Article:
Why Jude?

This little New Testament book, right before Revelation at the end of the Bible, may seem like an odd choice for a sermon series. But the more I speak with people in the community, both Christian and non-Christian, I sense a similar urgency that Jude (actually Judas, half-brother of Jesus) must have felt. Back in his day Christianity was under severe attack, not just the external attack of Rome, but inwardly from the infiltration of false teachers who sowed abundant seed for a huge harvest of doctrinal error. Jude's letter is a call to arms, a battle cry, an urgent call for the church to deal with apostasy and false teaching, calling for Christians to be discerning and to defend true, Biblical doctrine. 

This is why I find Jude so relevant for us today! While the church is under attack from outside sources, we are also in grave danger of attacks from within ... false teachers and teachings have infiltrated the church and weakened us almost to the point where any teaching is deemed acceptable as long as the name Jesus is sprinkled on it a few times (though perhaps a "Jesus" defined differently than the orthodox teaching of Scripture), a Bible verse or two is referenced (but not exegeted or explained and probably not used in context), it's taught by a gifted communicator with much charisma (though perhaps not adequately trained nor under the authority of church leadership), and it makes us "feel" something (though similar feelings can come from sporting events, watching kitten videos on Facebook, opening a fortune cookie, or eating a bad burrito bowl at Chipotle). Though the evangelical community would be very nervous about "tolerance" when it comes to who goes in what restroom at the local Target, we are incredibly "tolerant" of any and every doctrine that comes our way with a Christian label. We've lowered our commitment to sound theology to the point where we're willing to feel good about our brother or sister in Christ "as long as they're going to church somewhere." While there are lots of really good churches around, there are also a lot of bad ones!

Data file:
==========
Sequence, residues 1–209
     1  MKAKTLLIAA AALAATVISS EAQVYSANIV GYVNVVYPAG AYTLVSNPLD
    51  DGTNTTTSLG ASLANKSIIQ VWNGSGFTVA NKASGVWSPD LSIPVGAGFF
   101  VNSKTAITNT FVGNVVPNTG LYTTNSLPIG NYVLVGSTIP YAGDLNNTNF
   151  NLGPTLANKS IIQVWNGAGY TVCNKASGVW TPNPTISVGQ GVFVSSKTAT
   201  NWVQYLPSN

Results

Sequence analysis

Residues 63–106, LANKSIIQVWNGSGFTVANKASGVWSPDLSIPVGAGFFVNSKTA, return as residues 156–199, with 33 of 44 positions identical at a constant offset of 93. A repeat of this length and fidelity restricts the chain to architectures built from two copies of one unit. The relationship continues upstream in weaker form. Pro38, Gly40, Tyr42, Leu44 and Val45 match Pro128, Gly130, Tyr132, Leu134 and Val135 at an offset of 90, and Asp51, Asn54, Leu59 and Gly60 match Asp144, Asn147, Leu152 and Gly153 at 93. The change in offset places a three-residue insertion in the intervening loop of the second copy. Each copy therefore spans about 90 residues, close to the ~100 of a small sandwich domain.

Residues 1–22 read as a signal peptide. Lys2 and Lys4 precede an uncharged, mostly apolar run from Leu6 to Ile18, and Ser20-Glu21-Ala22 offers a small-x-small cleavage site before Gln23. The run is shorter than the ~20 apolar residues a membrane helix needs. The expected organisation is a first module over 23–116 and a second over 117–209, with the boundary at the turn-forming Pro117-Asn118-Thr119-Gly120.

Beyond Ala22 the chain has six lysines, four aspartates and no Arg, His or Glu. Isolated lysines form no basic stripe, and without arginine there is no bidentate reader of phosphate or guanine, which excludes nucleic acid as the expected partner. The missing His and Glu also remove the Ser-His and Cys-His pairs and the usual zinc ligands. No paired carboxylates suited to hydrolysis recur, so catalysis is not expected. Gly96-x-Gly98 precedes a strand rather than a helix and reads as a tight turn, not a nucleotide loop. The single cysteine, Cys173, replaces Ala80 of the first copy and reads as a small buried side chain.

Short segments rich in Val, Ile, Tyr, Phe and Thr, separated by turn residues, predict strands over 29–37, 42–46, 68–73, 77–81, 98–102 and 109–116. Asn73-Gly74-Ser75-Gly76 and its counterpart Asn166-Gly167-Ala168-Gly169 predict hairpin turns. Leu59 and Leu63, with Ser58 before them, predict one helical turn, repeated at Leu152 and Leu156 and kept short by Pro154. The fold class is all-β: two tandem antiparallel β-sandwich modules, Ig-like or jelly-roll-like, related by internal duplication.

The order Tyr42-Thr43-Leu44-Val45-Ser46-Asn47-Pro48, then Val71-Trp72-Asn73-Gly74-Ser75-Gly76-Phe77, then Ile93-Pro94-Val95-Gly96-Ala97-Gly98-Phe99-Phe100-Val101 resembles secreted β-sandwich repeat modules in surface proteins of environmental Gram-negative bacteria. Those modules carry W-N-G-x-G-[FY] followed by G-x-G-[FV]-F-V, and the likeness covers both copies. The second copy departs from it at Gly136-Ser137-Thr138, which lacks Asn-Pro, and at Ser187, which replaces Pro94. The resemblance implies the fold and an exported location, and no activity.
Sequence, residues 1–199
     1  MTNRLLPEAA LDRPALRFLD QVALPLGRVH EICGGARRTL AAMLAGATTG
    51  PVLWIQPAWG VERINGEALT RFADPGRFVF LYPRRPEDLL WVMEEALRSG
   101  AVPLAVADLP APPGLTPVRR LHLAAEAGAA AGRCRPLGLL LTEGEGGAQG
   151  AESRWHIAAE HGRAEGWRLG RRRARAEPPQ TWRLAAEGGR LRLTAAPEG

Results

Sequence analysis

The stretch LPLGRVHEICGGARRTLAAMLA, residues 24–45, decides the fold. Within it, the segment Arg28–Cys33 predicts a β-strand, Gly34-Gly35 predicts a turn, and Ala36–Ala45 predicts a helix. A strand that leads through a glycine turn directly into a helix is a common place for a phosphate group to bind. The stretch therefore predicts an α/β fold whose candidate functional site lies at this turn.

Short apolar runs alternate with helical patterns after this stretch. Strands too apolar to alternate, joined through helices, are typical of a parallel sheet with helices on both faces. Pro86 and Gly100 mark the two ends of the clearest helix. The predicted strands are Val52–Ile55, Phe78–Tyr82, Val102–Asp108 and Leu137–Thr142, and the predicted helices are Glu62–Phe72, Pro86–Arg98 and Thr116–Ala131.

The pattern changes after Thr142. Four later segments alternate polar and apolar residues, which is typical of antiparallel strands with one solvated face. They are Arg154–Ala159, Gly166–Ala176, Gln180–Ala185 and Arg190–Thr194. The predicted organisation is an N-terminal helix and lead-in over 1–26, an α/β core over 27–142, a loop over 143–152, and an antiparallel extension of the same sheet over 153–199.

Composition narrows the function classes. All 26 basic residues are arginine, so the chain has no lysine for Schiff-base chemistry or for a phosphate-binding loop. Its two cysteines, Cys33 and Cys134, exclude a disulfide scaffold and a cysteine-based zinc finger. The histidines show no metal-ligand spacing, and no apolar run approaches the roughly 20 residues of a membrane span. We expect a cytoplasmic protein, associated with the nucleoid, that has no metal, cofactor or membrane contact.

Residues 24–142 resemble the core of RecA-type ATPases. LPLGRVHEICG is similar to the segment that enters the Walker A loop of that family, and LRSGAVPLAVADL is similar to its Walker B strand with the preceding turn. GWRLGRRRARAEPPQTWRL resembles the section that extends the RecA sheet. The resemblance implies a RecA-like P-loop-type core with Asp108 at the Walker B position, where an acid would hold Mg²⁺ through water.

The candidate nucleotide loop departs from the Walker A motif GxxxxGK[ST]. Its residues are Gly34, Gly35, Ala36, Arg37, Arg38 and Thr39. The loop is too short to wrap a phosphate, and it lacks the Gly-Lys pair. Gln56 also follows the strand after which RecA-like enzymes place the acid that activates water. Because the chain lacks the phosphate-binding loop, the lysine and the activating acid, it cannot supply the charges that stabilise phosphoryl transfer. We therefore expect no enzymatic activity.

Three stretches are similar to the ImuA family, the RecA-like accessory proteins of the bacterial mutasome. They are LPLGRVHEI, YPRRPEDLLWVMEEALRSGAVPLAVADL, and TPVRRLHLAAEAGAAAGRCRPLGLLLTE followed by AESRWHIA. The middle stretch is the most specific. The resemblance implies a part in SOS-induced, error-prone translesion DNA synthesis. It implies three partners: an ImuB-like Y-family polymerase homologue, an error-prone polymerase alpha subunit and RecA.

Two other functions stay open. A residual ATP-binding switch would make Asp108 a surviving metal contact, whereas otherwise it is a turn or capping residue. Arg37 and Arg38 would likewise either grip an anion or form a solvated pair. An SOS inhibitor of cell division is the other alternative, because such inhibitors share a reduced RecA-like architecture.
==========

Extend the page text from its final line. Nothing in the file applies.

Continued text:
Please DO NOT hear me saying that diversity in the church is a bad thing or that in order to be a true Christian you must be in the PCA tribe. I actually welcome varying perspectives on many theological matters ... I like the fact that different denominations exist and help us see things with a different emphasis ... I'm excited to learn Biblical truth from other cultures and ethnicities. And I'm definitely not saying that we're to be theological snobs, waving our particular theological credentials around in self-righteous ways ... but we must take seriously the responsibility to contend for the faith and rigorously defend orthodox theology.  This is Jude's call to the church in his day and it's the cry to Community Presbyterian Church today!

Let's take this responsibility seriously by doing a few things.

  • Study the Scripture. We're not going to be discerning apart from a knowledge of the Bible. Read it, learn it, come to Sunday School and worship, get involved in a small group study, be discipled by someone mature in their faith.
  • Read good book on theology. Don't let Google decide for you how to pursue true teaching on a particular matter. There are many good resources. If you need help, ask us.
  • Be willing to teach our children and youth. A strong foundation in the early years goes a long way to help guard against heresy taking root. 
  • Pursue your friends who have strayed into false teaching. Again, the church in America has been infiltrated with much heresy and we need to love fellow believers enough to help them discover this error.
  • Pray for the church ... for Community, for the PCA, for the church in America, for the church around the world ... to be discerning and not afraid to exercise discipline when needed. None of us are immune from error and we need God's grace to preserve us.